The seriousness didn’t last. They came to an open gutter they had to pass through and Nneoma looked at him to see the mischievous glint in his eyes.
“Should I carry you across?” he asked, barely containing his mirth.
“If you try it ehn. Look at this boy o. Like I’m not old enough to jump across the gutter.” Another smack on his head. And another.
At the house, he was surprised to his elder brother, Tochi, who should have been at the office.
“What are you doing here?” he asked as he shut the door after Nneoma.
“Good afternoon,” Nneoma greeted.
“Wow, you brought a flower!” Tochi exclaimed and left what he was doing to look Nneoma over. “He always exaggerates, but he used litotes on you. Almost as if he’s afraid someone will snatch you from him,” He told her in a conspirational tone.
She blushed deeply. “Thank you.”
“Can I get you something to drink?” Tochi asked, taking her hand and leading her to the living room.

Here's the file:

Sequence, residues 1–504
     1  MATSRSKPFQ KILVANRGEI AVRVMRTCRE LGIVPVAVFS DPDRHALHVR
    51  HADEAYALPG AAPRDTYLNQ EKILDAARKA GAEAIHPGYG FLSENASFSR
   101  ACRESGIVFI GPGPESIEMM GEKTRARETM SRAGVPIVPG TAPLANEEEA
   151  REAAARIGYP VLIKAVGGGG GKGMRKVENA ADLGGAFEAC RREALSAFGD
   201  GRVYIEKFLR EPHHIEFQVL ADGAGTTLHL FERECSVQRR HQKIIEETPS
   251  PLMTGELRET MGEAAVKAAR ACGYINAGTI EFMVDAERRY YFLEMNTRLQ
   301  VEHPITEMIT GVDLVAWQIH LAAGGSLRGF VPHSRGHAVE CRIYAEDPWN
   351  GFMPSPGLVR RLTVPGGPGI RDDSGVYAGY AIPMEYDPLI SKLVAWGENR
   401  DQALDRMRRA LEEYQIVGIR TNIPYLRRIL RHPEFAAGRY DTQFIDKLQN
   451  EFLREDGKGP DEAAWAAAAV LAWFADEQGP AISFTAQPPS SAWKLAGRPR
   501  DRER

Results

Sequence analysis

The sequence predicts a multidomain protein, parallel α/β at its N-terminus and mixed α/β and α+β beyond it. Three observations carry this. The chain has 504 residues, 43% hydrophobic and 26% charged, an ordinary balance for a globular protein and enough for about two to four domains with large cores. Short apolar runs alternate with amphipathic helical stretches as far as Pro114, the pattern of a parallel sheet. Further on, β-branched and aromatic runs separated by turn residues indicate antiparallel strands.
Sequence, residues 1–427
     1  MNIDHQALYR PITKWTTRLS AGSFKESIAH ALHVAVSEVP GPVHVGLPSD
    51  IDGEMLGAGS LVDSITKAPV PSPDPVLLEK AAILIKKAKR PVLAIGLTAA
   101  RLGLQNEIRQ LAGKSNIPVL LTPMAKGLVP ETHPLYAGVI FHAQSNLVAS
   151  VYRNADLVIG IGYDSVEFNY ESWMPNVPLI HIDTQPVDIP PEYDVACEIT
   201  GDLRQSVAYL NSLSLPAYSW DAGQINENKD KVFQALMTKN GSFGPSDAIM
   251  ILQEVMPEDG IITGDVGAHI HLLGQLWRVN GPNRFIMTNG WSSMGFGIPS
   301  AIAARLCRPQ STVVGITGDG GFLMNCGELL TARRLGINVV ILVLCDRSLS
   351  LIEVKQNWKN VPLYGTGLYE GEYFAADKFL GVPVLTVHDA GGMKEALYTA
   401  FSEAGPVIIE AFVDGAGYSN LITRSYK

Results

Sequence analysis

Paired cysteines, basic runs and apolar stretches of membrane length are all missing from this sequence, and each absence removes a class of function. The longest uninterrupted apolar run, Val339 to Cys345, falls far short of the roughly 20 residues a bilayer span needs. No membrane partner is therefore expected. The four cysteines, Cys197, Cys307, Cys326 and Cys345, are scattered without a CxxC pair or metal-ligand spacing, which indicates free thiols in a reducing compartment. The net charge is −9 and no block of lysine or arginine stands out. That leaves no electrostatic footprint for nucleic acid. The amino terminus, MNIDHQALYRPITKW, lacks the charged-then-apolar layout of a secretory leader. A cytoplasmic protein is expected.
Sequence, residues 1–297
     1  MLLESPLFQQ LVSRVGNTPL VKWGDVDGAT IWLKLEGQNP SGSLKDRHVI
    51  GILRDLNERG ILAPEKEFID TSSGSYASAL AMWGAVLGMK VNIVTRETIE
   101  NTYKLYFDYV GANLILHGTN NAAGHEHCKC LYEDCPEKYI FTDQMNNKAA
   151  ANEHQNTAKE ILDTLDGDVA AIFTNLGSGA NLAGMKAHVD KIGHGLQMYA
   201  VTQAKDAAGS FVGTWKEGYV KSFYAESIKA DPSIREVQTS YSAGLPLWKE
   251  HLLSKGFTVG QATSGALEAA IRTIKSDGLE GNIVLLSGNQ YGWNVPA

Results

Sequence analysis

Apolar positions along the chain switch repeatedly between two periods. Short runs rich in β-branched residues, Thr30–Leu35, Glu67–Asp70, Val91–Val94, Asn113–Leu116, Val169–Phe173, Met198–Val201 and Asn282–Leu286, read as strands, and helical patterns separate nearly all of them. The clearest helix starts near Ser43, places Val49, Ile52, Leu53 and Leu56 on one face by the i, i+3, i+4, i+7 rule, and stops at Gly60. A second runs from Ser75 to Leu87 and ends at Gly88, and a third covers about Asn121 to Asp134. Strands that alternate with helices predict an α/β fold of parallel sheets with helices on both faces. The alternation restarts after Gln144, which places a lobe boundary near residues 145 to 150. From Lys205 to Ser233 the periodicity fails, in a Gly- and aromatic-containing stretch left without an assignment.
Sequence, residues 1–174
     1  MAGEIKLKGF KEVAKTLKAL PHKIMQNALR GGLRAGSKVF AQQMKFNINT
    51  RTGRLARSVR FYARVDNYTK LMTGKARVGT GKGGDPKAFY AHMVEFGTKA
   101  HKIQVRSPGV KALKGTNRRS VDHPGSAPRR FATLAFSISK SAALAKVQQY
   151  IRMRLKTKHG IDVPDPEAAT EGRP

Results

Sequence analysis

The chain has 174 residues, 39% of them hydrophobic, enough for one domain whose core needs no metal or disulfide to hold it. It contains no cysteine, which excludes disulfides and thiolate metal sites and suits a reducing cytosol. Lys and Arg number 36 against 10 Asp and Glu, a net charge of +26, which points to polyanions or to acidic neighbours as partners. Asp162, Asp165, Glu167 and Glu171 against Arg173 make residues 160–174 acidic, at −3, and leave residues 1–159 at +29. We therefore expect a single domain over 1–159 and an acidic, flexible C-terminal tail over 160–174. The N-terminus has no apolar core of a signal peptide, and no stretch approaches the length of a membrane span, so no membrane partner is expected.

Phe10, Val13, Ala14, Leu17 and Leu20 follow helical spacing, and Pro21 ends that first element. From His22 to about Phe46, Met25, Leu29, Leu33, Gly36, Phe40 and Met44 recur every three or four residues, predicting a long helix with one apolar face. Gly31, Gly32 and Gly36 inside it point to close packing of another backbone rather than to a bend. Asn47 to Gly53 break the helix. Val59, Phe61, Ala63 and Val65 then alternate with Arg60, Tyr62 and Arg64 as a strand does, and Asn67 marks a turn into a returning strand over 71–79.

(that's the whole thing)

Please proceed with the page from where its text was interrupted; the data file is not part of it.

“She’s my visitor, oga, not yours,” Igwe mumbled as he followed them in.
“Well, she’s beautiful,” Tochi stated.
“She gets to be my visitor too.”
“You are dreaming.”
“Dreams come true.”
“You’re having a nightmare then.”
“Even those come true.”
“If you’re having a nightmare, then she’s not in it.”
“But I’m not sleeping. See? My eyes are wide open.”
“You could as well be.”
“Can you two stop?” Nneoma interjected trying to control her laughter. “You guys are like Tom and Jerry.”
They both stopped and stared at her.
“Who’s Tom?” Tochi asked.
“Yes, who’s Tom? Who’s Jerry?” Igwe querried.
“Well,” Nneoma said, drawing out the word, “I don’t really know.”
“Ooooh,” the two brothers exclaimed in disappointment.
“Hey, found what I was looking for just as you two walked in,” Tochi informed him. “I better get back to office.”
“Yes, you do that,” Igwe advised happily.
“Eeen. Don’t worry, I’ll just stay back next time. I ga-ahu ya, you will see. Nne bye.”
“Bye,” Igwe sang and pushed him from the room.
“Take care,” Nneoma chipped in as Tochi winked at him.
“Finally, we are alone,” Igwe announced.
“What are you thinking?” Nneoma asked.
“Me? Nothing.” The forced innocence on his face was comical.
“Really?” Nneoma’s eyes disarmed him. Pulled off the innocence like lovers peeling off each other ‘ clothes.
“I’m thinking of the labyrinth of your eyes, how easy it is to get lost there.”